I am proud of our education system. We have some of the finest schools and teachers in the world. I speak as the head of a successful state comprehensive school in the midlands, with a wholly inclusive intake.
I am also proud to say that I was educated in a state comprehensive school myself, as were my wife and my three children. But I believe we can do better.
We can create a world class education system in this country, not just for some, but all our children and I am sure there isn’t anyone who wouldn’t want that.
Through education, we can become richer and wiser, and harness this country’s greatest asset; its creative intelligence.
What I am proposing is a levelling-up approach, rooted in the aspirational values of parents who want the best for their children. Indeed, I believe we all want the same thing for our children; to be happy and successful, just as I want the best for the children in my own school.
At no time is that more important than now, when lockdown has further exacerbated the disadvantages faced by the most deprived children, largely educated by our state school teachers.
So, let’s start by understanding what it costs to educate each child.
In 2019 the Association of School and College Leaders (ASCL) calculated the true cost of educating every child currently taught in our state education system.
ASCL assumed that every child should be taught by a qualified teacher in a class of 30, hardly an unreasonable expectation and by no means extravagant.
The total works out at about £5.7 billion a year more than the government was currently planning to spend on education. Taxes obviously aren’t covering it.
No independent school would deny such basics to their own children, and I’m sure they would not want them denied to children in the state schools either.
However, there is a simple way to change the way we fund education in this country and our independent colleagues can help.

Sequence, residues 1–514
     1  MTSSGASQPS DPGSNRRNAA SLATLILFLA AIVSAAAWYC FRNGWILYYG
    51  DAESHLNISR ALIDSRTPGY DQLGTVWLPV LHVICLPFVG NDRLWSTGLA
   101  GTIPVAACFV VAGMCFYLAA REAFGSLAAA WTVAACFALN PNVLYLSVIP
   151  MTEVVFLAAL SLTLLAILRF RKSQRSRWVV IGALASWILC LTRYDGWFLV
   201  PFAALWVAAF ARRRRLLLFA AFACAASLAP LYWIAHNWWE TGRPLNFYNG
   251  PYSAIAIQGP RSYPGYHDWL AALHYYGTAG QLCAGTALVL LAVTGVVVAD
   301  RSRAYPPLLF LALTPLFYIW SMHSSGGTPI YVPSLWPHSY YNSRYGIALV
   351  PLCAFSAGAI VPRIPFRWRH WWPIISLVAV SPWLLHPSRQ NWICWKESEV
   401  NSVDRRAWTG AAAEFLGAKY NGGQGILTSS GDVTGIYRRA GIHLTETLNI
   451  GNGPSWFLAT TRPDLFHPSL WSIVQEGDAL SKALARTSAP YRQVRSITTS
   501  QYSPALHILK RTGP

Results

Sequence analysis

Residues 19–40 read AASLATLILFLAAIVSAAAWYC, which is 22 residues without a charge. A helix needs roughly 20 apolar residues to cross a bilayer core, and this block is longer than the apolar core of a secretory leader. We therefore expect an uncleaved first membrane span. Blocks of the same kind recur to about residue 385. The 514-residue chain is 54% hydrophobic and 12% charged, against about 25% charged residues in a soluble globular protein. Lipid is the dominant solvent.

I am calling on both the independent and state education sector to join forces in calling for a basic education entitlement fund for every child in the country.
A single per pupil sum based on a calculation of what it would cost to educate that child to a commonly agreed but ‘good’ standard.
Then, and this is where our independent colleagues can help, every child in the country would be notionally allocated that sum each year, for the purpose of their education, but crucially, those who chose to educate their child in the private sector would be required to automatically pay their entitlement fund back in to the state education system to top-up the state education budget.
Government would begin by calculating the per pupil educational entitlement fund for every child in the country, including those educated in the private sector, and this could be announcing this in the budget.
Then the fund would be spent entirely on the state education sector, creating a world class education system for all, without waging war on our independent colleagues in the process.
The idea is that parents using independent education would be explicitly accepting that they were forgoing their pre-allocated state education entitlement fund and instead agreeing to pay it back into the general education pot; a foregone benefit as it were.
Let’s imagine the basic education entitlement was set at £5,000 – the minimum Boris Johnson has said he wants per pupil state funding to level up to. Let’s then imagine 10,000 parents chose to send their child to an independent school – so, an additional £50 million every year would be paid into the state education system on top of existing levels.
In reality there are at least 600,000 privately educated children in this country, and ASCL calculate that a minimum funding of £6,000 per child is required for a decent basic education so that would mean at least an extra £3 billion a year for state education.
Parents using the private sector may argue that they would be paying twice, if not three times for their child’s education, because apart from being taxpayers, they are already saving the state money by not using state schools and paying school fees.
But saving the state some money isn’t enough to educate all our existing state school children to the same good standard, and to become world class the state system needs more than it currently has.
Note that independent school parents wouldn’t be paying any more for state education than other taxpayers, but there would be more money in the state education pot, and we could guarantee that every child has a good education.
An education entitlement fund would work better than an education opportunity tax on school fees, simply because it’s not a tax.
It would, however, create a new relationship between state education funding and the public, making it easier for the state to raise money to spend on education in the process because it would very hard to argue against the need to fund the basic per pupil cost.
It would mean more money for state education, higher academic standards and a fairer system for all.
An education entitlement scheme for all would help to level-up education spending rather than level it down, and could be an important first step on the road to creating a truly world class education system for all our children.
Carl Smith is the principal of Casterton College, a leading state school in the East Midlands.